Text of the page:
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Saturday, 25th May  2019 12:22:am
8th February:  Cylone Pat formed in an area between Manihiki in the Northern Cook Islands and Samoa on Monday, 8th February at 1 am GMT (3 pm on 7th February, Cook Islands time).  At that stage, it didn't even have a name, just a reference (09F).  Six hours later, it was moving very slowly towards Manihiki, but it was only just a cyclone at this stage with winds of around 74 kph (46 mph).  A gale warning was issued for the Northern group of islands and the Southern group, including Aitutaki, was put on alert and told to monitor Pat's progress carefully, as it was gathering strength. 
9th February:  At 0329 GMT (5.29 pm on 8th February on Aitutaki), the tropical cyclone centre in Fiji issued a cyclone alert for the Southern group.  Pat was still moving slowly, but inexorably, towards Aitutaki, and it was growing in strength.   Winds at its centre were measured at 101 kph (63mph). 
10th February:  At 0031 GMT (2.31 pm on 9th February in Aitutaki), Pat was 175 kms (109 miles) north north east of Aitutaki and it was bringing with it destructive winds gusting regularly to 166 kph (103 mph) and briefly to 185 kph (115 mph).  Aitutaki was put on full alert and a gale warning issued for Rarotonga and Palmerston.  Less than 12 hours later (around 0200 Cook Islands time on 10th February), the cyclone hit Aitutaki head on.
Around 2 am local time on 10th February, the stunningly beautiful island of Aitutaki was hit head on by winds gusting to more than 185kph (115mph).  And for the next three hours, Cyclone Pat - classified as category 3 on a scale where 5 is the most severe - tore roofs off homes, ripped schools apart, snapped power lines in two, devastated agriculture and vegetation and sent tons of debris flying into the air.  Damage was estimated at NZ$15 million (UK£7.1m, US$10.6m, 7.8m Euros).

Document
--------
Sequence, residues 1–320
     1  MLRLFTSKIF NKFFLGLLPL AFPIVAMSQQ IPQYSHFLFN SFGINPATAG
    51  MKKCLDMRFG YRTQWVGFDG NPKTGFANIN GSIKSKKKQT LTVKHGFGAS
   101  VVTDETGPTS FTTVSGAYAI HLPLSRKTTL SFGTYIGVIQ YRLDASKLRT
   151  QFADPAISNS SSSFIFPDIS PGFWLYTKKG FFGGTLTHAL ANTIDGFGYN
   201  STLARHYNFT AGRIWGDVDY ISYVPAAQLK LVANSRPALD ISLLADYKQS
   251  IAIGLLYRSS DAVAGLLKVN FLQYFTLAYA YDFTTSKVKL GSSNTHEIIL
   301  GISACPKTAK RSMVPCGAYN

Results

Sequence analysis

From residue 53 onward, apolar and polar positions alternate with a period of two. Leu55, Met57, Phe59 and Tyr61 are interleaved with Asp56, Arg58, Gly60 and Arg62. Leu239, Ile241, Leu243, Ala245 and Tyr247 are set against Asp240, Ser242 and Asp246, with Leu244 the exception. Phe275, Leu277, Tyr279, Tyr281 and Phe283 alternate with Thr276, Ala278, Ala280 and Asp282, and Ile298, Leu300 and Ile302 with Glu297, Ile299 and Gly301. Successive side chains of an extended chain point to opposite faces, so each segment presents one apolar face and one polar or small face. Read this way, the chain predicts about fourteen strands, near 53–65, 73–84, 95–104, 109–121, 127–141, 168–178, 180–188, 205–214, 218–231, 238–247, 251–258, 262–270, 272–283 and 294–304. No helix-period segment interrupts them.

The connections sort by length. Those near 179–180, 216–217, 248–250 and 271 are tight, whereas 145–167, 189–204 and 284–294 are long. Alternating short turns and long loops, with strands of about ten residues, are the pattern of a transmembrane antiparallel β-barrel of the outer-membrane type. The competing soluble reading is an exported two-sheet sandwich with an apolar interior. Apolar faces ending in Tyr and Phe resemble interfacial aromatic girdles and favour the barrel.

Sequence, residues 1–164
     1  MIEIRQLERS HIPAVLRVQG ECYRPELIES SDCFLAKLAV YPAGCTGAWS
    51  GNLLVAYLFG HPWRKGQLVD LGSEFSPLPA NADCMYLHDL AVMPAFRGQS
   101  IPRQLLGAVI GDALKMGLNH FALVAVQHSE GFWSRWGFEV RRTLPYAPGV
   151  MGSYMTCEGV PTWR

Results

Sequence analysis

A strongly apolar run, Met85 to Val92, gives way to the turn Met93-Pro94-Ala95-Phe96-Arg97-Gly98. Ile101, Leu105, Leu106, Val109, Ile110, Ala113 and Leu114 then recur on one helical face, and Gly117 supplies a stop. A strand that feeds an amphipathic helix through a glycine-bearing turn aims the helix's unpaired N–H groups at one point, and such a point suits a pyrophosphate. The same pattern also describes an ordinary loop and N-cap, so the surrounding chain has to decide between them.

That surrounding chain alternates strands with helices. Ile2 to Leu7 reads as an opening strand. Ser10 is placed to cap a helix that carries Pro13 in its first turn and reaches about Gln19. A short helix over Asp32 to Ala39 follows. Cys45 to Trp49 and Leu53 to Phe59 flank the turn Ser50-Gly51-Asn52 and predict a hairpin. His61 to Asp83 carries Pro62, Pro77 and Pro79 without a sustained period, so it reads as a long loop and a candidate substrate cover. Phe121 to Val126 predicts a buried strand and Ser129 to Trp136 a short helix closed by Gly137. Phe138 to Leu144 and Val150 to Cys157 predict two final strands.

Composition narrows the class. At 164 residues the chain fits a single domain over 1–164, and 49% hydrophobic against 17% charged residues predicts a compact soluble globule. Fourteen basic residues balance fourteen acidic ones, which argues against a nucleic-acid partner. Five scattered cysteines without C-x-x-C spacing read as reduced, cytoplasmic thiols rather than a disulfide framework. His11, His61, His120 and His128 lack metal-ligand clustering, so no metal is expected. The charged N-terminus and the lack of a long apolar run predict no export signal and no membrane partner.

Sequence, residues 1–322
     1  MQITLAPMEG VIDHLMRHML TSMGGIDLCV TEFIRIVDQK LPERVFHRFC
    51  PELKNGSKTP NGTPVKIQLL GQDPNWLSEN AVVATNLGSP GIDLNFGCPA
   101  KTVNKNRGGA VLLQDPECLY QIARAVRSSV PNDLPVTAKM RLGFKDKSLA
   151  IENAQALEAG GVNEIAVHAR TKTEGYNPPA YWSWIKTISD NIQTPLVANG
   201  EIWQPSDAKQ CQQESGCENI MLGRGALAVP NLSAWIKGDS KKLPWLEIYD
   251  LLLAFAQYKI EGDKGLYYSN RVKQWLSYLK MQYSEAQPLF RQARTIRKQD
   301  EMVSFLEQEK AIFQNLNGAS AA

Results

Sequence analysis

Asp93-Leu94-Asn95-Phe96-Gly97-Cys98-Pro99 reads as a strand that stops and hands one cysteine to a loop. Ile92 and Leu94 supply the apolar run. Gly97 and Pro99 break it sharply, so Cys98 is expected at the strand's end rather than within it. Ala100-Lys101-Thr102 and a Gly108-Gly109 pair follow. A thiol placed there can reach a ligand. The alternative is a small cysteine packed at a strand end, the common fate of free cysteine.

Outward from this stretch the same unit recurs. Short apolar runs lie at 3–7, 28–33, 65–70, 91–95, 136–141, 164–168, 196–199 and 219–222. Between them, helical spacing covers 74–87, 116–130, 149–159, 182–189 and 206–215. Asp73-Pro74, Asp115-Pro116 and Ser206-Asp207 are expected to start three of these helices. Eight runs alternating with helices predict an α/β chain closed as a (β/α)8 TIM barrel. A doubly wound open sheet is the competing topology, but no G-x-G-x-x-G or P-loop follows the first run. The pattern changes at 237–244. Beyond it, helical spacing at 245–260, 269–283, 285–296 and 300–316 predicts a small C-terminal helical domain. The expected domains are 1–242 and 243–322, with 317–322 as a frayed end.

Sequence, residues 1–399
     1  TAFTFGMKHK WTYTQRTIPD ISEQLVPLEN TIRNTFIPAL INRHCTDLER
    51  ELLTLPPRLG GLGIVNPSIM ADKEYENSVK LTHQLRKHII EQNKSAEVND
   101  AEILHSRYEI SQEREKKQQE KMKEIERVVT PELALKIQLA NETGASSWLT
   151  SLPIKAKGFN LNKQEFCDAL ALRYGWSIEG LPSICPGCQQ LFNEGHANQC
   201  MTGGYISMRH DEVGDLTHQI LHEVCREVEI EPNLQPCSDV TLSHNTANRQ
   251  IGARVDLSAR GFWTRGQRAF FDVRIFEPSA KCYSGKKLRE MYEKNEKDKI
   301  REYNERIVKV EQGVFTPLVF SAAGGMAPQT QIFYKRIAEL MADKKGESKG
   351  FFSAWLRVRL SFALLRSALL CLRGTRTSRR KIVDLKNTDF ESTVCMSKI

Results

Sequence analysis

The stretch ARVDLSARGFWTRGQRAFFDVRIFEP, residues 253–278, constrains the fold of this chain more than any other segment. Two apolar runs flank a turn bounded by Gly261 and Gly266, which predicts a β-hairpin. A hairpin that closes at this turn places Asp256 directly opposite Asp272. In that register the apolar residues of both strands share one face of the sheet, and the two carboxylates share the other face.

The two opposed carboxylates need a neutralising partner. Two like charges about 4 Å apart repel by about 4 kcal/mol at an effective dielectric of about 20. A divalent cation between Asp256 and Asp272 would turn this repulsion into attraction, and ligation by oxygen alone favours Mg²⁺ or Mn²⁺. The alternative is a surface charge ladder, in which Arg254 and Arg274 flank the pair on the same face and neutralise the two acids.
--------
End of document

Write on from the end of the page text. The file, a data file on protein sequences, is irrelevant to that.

80 people homeless    72 homes destroyed 317 homes severely damaged

hospital damagehospital damaged 2010Mayor Tai Herman describd it as "the worst cyclone in living memory" on the island.  "Houses were tied down with wires and ropes...but it wasn't any matter to the wind", he explained the next day as he surveyed the aftermath.  Remarkably and thankfully though, there were only nine minor injuries. 
STATE OF DISASTER DECLARED
The Cook Islands government declared a state of disaster on Aitutaki as an initial survey reported that 90% of homes were damaged or destroyed.  New Zealand forces were scrambled to help.  Air force Flight Lieutenant Matt Walls said the destruction seemed "unbelievable" when he first landed.  "Debris strewn throughout the island, houses completely destroyed, most with their roofs and walls gone,"   He and other troops were amazed there weren't any serious injuries.
'OPERATION ASSIST'

Over the two weeks following the cyclone, nearly 50 members of the New Zealand army and air force were deployed on 'Operation Cook Islands Assist' to deliver emergency supplies and help with urgent repair work. 
A giant C130 Hercules transport plane shuttled around 89,000 lbs (43,600 kgs)  of cargo to Rarotonga and onward to Aitutaki.   The loads included a water purification plant, two bobcat diggers, emergency shelters and tents, water containers, food, blankets and electrical cabling.  And 12 army engineers helped to build emergency shelters, restore power and fresh drinking water and repair Araura School which is the largest on the island.  Squadron Leader Kavae Tamariki said being in such a devastated area was "pretty humbling".

TODAY

It is a credit to all involved that signs of Cyclone Pat are barely visible today. The inhabitants of Aitutaki take everything in their stride. Buildings were repaired and gardens replanted. Cyclones are a fact of life in this part of the world and the infrastructure is built to cope.

Even Bill Tschan's Secret Garden shows little sign of the devistation - only the occassional tree stump to see if you look hard enough.

Aitutaki Lagoon